CBS Still Selling Books for Race-Baiter Kendi After His VILE Attack on Justice Barrett

On Monday, CBS This Morning happily brought on race-baiting radical Professor Ibram X. Kendi to sell his latest book and mark the beginning of Black History Month. Amazingly, despite having him on for the first time in months since he hurled vile attacks at then-Supreme Court nominee Amy Coney Barrett and her black adopted children, the hosts never bothered to ask him about his despicable remarks.

At the top of the friendly chat, co-host Anthony Mason made it clear that the only item on the agenda was hawking Kendi’s new book:

Today marks the first day of Black History Month, a time for celebration and education of African-American culture. Authors Ibram X. Kendi and Keisha Blain are releasing a new book called Four Hundred Souls: A Community History of African America, 1619 to 2019. The anthology features essays from 90 writers and poets who each focus on a specific period of time.

 

 

Introducing the authors, he reminded viewers of Kendi’s direct connection to CBS: “Keisha Blain is an historian and professor at the University of Pittsburgh and CBS News contributor Ibram X. Kendi is the founding director of the Boston University Center for Anti-Racist Research.”

Of course that raises the question of why the network would want to continue to associate itself with someone who tarred a Supreme Court justice as a “white colonizer” because she and her husband adopted two black children from Haiti.

“I want to thank you both for having short chapters. Makes it – it was such a great read because you could zip through it very quickly,” co-host and Democratic Party donor Gayle King raved to Blain and Kendi, prompting a round of laughter.

Wrapping up the softball interview minutes later, King made her best sales pitch for the book:

Thank you both. You said, “The book shows that black people never stop dreaming or fighting for their dreams to become a reality.” And certainly some of that continues today. I’m going to hold up the book, if you don’t mind. Ibram X. Kendi and Keisha Blain, we thank you both. Four Hundred Souls goes on sale tomorrow wherever you like to buy your books.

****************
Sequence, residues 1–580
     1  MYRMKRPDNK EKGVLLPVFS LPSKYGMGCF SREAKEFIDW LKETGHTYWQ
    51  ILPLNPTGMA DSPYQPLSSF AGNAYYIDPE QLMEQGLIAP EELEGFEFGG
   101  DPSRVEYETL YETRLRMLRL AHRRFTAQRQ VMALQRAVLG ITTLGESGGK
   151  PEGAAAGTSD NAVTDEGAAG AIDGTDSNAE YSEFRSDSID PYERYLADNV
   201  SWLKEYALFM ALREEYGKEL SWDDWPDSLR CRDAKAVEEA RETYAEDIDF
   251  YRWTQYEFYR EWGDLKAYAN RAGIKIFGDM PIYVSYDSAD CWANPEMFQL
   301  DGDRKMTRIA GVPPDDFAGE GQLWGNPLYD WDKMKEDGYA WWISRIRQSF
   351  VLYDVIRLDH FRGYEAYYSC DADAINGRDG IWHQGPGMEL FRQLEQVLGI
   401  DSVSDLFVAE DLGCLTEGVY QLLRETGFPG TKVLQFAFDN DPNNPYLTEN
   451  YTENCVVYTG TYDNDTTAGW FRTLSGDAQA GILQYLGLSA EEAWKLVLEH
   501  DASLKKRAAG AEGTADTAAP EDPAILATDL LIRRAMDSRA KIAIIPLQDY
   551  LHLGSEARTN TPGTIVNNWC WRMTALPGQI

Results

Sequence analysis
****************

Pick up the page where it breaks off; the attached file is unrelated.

It’s sadly predictable that leftists like Kendi are never held accountable for their disgusting rhetoric by the same hypocritical media that routinely deliver lectures on civility.
    
Kendi being welcomed back on the morning show was brought to viewers by GEICO and Planet Fitness. You can fight back by letting these advertisers know what you think of them sponsoring such content.

Here is a transcript of the February 1 questions to Kendi:

8:35 AM ET

ANTHONY MASON: Today marks the first day of Black History Month, a time for celebration and education of African-American culture. Authors Ibram X. Kendi and Keisha Blain are releasing a new book called Four Hundred Souls: A Community History of African America, 1619 to 2019. The anthology features essays from 90 writers and poets who each focus on a specific period of time. Keisha Blain is an historian and professor at the University of Pittsburgh and CBS News contributor Ibram X. Kendi is the founding director of the Boston University Center for Anti-Racist Research. They join us first on CBS This Morning. Welcome to you both, congratulations, thank you so much for being here.

Ibram, let me start with you. Because this is a book that has, as I pointed out, 90 different authors, a variety of voices, why was it important that you use so many authors?

(…)

GAYLE KING: You know what I thought was interesting – number one, I want to thank you both for having short chapters. Makes it – [Laughter] it was such a great read because you could zip through it very quickly. So I thank you for that. Number two, there were so many stories I didn’t know. Hugh Davis was one that stuck out to me, was a white man who was beaten because he had slept with a black woman. And that was an interesting twist in what the stories that we’ve been told in the past. Why you include that, professor?

(…)

KING: And as we mark black history month, it always sticks in my craw that it’s the shortest month of the year, but that’s another story. What do you want people to know? What should we remember and take from this month as we begin to honor and observe and celebrate? Professor Kendi?

(…)

KING: Thank you both. You said, “The book shows that black people never stop dreaming or fighting for their dreams to become a reality.” And certainly some of that continues today. I’m going to hold up the book, if you don’t mind. Ibram X. Kendi and Keisha Blain, we thank you both. Four Hundred Souls goes on sale tomorrow wherever you like to buy your books.

(…)

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